I so wanted to experiment with a Bitter Orange Gin,  but missed the boat by 2-3 weeks because Seville oranges have a very short season indeed. They being thankfully unwaxed, were already looking tired by end-January around these parts. Some say one can remove wax from citrus by dousing it in boiling water for a minute or two. Others say it cannot be entirely removed – and that is my camp having worked with citrus.

Remember, prunes don’t free you up – it’s the liquid paraffin they use on mass market dried fruit to keep it separated in the plastic bag that has the dramatic laxative effect. Prunes just get the bad press. Buy Agen and the problem doesn’t exist.

IMG_1090 (225x300)For a No 19 Marmalade Martini, into the shaker goes ice – first washed to remove any the shards which will both discolour and weaken the drink. With fingers is fine when one’s at home – behind a bar would cause a riot.IMG_1097 (300x225)

Then into the jug or shaker goes a large teaspoon of the marmalade, a cap full of dry Italian Vermouth – and finally the spirit.IMG_1119 (225x300)

Ours was vodka – but gin is welcome too. Think ratio of vermouth to spirit being 9:1 – change this up or down according to taste and experience.

I am a Martini maker and dirty’s are not for me. Flavour over machismo every time. This is why the vermouth is important – Noilly Prat, Carpano, Cinzano and Lillet come out best, pocket permitting.  Bitters like grapefruit, bitter orange, lemon, celery – and even, on my must-try list, West Indian orange and gin barrel aged orange bitters. The list does rather go too far and start to appeal to mixicologists rather than genuine bar tenders.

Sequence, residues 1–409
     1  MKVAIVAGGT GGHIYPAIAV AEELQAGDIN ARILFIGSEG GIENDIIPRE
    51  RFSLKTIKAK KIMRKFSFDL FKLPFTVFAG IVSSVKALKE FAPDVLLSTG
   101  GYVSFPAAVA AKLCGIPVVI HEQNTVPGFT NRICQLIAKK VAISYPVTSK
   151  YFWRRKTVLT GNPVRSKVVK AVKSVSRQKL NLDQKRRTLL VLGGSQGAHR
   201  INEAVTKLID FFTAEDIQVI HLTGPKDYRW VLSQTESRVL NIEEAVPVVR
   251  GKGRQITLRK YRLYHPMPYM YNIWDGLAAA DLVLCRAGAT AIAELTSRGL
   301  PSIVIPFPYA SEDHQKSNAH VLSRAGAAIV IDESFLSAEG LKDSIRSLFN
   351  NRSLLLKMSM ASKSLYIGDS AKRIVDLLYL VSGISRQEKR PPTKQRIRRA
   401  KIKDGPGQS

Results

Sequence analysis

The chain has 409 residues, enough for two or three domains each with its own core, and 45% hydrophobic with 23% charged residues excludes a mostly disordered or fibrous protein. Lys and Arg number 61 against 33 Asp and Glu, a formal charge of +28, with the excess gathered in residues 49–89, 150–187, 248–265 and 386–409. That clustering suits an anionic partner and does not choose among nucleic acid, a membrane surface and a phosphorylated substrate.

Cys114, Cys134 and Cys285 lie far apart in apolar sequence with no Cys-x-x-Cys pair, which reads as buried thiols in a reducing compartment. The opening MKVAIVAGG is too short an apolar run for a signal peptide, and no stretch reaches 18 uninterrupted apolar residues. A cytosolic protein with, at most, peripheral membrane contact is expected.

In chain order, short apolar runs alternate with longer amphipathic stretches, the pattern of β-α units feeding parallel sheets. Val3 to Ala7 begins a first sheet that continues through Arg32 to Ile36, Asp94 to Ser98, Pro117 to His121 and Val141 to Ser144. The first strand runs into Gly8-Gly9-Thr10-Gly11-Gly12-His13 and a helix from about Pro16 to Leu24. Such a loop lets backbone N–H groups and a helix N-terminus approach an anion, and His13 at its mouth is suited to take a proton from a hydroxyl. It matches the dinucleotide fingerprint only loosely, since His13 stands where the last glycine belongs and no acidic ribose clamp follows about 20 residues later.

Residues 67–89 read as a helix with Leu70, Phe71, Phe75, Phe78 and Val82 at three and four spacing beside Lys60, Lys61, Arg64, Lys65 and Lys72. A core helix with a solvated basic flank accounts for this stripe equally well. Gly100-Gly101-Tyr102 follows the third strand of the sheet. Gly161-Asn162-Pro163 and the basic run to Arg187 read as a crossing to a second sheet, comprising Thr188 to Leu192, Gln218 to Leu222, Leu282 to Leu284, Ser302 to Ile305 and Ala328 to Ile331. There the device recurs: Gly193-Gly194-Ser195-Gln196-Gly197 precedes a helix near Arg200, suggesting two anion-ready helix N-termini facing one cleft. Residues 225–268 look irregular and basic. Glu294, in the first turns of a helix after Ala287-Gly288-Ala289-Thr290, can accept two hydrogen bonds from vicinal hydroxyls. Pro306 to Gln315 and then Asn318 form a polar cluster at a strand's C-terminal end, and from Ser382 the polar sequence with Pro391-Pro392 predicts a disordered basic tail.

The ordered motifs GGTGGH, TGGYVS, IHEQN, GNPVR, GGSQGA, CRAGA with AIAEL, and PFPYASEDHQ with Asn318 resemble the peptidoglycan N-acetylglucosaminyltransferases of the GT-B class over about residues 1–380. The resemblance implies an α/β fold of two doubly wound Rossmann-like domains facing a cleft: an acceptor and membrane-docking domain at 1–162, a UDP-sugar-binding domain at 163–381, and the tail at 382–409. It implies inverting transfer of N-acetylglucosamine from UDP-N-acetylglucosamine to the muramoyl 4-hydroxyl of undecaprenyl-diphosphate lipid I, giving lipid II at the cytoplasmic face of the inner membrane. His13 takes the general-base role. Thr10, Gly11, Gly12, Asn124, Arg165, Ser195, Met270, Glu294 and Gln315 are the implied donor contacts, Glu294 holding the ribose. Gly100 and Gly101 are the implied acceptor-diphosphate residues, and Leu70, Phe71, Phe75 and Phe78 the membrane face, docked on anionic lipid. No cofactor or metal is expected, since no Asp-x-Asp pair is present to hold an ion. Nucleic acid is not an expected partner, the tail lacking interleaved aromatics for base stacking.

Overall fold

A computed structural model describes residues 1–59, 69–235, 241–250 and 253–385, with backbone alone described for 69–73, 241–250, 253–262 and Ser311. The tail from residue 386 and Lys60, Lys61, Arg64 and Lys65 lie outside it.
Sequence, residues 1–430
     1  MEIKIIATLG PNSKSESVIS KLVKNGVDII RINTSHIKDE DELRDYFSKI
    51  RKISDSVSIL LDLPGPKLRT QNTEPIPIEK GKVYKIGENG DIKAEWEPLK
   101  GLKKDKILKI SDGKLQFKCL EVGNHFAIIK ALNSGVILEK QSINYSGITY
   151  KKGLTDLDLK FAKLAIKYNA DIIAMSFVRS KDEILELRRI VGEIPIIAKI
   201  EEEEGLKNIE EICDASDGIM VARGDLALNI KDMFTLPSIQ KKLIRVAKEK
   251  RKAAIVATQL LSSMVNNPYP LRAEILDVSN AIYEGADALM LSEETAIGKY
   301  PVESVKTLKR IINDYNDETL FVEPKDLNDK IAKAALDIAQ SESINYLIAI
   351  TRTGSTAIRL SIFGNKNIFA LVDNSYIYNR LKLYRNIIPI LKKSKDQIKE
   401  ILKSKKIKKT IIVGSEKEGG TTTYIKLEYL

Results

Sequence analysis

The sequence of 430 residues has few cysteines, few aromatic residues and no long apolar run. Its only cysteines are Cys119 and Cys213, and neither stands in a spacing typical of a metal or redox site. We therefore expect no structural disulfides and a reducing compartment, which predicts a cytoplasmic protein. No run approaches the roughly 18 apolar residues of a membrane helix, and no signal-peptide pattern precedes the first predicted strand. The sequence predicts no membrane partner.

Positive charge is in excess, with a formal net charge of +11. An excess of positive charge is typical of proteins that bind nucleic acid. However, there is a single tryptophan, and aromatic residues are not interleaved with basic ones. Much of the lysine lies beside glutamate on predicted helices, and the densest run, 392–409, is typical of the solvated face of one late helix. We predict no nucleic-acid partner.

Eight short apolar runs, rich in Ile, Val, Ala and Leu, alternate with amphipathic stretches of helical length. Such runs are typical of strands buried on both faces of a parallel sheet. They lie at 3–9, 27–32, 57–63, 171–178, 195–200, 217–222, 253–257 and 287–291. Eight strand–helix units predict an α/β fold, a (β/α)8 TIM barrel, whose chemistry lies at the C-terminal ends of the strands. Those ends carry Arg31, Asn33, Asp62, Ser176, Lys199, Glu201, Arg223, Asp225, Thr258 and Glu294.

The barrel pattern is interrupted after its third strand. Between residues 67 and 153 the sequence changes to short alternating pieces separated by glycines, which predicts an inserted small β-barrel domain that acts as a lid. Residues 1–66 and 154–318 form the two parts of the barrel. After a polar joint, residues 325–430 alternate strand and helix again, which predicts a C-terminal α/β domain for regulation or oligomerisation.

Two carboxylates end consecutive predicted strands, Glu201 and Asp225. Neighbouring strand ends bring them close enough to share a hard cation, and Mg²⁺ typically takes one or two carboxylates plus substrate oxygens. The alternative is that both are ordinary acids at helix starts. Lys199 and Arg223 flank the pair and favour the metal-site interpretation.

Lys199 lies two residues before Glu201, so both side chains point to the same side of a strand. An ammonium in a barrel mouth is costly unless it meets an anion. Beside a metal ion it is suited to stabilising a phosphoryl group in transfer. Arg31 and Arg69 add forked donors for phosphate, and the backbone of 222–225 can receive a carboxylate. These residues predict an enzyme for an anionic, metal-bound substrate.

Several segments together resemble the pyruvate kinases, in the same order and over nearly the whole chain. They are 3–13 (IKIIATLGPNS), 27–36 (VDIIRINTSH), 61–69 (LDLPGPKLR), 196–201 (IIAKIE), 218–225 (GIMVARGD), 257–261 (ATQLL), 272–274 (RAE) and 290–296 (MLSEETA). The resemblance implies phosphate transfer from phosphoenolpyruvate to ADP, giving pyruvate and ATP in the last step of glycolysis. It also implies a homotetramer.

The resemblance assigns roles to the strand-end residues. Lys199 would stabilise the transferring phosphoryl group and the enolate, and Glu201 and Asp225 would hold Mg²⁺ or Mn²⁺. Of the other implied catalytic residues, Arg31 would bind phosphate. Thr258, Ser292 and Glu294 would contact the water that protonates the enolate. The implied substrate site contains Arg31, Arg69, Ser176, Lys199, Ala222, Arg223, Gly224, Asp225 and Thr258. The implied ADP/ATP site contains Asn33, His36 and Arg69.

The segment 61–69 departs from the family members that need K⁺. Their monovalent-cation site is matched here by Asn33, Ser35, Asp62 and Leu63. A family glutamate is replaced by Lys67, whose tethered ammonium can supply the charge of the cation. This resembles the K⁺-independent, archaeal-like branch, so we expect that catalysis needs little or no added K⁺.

There is one place where I’ve found what I call the Intelligent Martini – it’s a place where Claudio No 1 has headed the tiny bar for 4+ decades. He’s a man who once told us he’d probably made 100,000 Bellini’s in his time there – we did some maths and reckoned he was way short of the real figure. Imagine mixing that much enjoyment over quite such a period? That place is the original Harry’s Bar.

IMG_1111 (258x300)At Harry’s, the martini’s are made with gin – vodka is there on demand. They come in this distinctive glass without twist or olive – only a white napkin to keep the cold from your fingers. They are pre-made in an over-sized crystal jug – and waiting in a tiny refrigerated drawer out of sight below the bar. That’s attention to detail and that’s what we like at garethjonesfood.

Back home, with good bitter marmalade, some spirit and vermouth – washed ice and a thirst, get shaking or stirring. ‘Cin Cyn’.

Soon I will write in Gin & It v the Gin & French – but now a toast to Gerri Gilliland – Slainte. Next January I will prepare Seville Orange Gin for my Martini – how I love a short season.IMG_1109 (219x300)IMG_1106 (225x300)






Posted in Alcohol, Blue Collar Gastronomy, Cocktails, Dry Martini | Tagged , , , , , , , , , , , | Leave a comment